Another issue is the generalizability of research and what this means, she says.
"That has been broadened to mean that something you’re doing becomes research if you publish it or even have a poster session at a meeting," Rose says. "Generalizable really means the intent to show it has validity beyond your particular experiment or condition or population."
Alternately, if a campus finds that certain buildings with certain types of ventilation are the ones in which students receive better grades, and so the university publishes this correlation, it doesn’t mean that what is conveyed is generalizable and research, Rose offers as an example.
Likewise, quality improvement projects sometimes are misinterpreted, she says.
For example, a parks recreation entity wanted to find out if a particular park had good traffic, so staff questioned park users about their behavior in the park, focusing on what they ate and how they spent their money in the park, Rose explains.
This type of activity would not be considered human subjects research once an IRB focuses on the question of What is the point of the research?’ Rose says.
In this example, the mission is to direct resources toward improving park usage, so it’s a quality improvement project and not true research, she says.
It shouldn’t be assumed that a project’s findings are generalizable just because the findings are published or made public, Rose says.
"Generalizable means you’re proposing or hoping or presuming the conditions of what you did are useful or valid in all similar situations," she explains. "That’s why oral histories are not human subjects research a lot of times, because if you write about your next-door neighbor, you’re not proposing that everybody is a next door neighbor."
Another step towards showing that something meets the definition of human subjects research is the concept of validating a process or equipment, Rose says.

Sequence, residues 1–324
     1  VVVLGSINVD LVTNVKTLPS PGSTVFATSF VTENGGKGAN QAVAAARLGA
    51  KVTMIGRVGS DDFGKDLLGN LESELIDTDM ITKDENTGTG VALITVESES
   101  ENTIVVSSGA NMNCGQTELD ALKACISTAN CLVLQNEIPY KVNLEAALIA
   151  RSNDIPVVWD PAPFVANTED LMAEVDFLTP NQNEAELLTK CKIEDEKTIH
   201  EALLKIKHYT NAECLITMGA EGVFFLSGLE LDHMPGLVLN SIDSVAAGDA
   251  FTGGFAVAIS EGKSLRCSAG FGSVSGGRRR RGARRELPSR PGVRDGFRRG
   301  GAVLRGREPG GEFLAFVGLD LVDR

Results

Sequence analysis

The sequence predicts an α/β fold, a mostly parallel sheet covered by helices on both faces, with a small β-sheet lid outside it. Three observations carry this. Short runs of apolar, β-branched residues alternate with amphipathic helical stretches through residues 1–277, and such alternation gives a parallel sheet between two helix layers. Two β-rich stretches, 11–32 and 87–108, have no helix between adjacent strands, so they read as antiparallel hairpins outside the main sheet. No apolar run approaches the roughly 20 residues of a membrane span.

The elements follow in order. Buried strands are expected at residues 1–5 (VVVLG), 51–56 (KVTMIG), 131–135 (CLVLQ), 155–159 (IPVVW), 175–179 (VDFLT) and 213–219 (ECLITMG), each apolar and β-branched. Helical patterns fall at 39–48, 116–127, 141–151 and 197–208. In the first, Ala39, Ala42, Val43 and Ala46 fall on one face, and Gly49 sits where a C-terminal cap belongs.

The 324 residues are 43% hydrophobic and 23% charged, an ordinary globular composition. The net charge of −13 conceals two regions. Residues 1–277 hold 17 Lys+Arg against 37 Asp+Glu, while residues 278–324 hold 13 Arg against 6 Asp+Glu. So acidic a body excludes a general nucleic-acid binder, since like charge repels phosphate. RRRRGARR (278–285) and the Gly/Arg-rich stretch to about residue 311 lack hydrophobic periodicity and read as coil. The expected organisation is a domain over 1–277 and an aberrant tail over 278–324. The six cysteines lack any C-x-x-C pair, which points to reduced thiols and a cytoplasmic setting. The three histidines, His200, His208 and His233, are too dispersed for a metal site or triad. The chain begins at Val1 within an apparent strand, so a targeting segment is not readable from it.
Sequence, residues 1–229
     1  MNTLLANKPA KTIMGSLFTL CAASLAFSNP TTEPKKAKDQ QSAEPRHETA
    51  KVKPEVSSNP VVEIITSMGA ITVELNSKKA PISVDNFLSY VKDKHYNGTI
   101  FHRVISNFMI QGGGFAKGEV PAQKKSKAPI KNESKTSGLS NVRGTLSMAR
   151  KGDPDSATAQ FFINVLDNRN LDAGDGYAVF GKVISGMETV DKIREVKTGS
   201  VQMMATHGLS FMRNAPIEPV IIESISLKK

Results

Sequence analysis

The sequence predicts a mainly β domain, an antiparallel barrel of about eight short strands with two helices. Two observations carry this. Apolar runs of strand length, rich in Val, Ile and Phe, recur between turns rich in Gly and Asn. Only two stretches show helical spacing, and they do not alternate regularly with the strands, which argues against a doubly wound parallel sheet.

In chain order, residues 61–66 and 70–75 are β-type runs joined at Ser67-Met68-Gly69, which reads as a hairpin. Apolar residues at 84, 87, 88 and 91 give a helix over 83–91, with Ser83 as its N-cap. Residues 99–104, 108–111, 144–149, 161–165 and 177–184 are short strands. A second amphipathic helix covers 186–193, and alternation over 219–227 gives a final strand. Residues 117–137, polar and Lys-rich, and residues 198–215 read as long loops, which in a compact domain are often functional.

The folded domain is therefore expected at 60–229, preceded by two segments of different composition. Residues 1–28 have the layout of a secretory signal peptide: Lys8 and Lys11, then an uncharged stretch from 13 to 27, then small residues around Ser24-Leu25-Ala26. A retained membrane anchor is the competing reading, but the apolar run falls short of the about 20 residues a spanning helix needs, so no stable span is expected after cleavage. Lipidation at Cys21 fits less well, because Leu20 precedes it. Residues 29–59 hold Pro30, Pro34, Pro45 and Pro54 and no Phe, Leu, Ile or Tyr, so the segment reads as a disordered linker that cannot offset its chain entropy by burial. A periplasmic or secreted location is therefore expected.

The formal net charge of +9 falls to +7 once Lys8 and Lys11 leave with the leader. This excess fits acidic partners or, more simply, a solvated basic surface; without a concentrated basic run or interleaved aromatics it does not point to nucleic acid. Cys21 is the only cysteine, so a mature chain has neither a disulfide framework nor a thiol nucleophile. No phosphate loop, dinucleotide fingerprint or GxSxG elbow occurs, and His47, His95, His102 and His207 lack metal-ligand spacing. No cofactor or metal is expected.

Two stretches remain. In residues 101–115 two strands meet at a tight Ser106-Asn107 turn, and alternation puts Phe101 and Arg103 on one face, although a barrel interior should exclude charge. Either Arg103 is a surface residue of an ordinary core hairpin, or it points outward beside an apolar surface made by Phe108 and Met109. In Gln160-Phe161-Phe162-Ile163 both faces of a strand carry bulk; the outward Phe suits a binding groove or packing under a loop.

"Quality improvement falls into this category," Rose says.
If an institution develops new software and then has staff or others validate the new software, the research doesn’t automatically become human subjects research just because humans are doing the validating, Rose explains.
Likewise, if someone asks curators at art galleries to report what kinds of exhibits draw-in the public, this inquiry is not human subjects research, Rose says.
If the institution were to ask curators questions about their relationship to their employer, or what it is about their jobs that is horrible, then it would enter the realm of human subjects research, she notes.
Defining what is human subjects research and legitimately subject to IRB review will continue to be confusing, so it’s important for IRBs and institutions to offer decision trees or guidelines for making this determination, Rose says.
The USC booklet offers guidance for investigators who have questions about their studies, and it provides examples of what types of projects are not human subjects research. "If someone goes through the decision tree and still doesn’t know the answer or if there aren’t clear answers, then we encourage the person to go to the IRB," Rose says.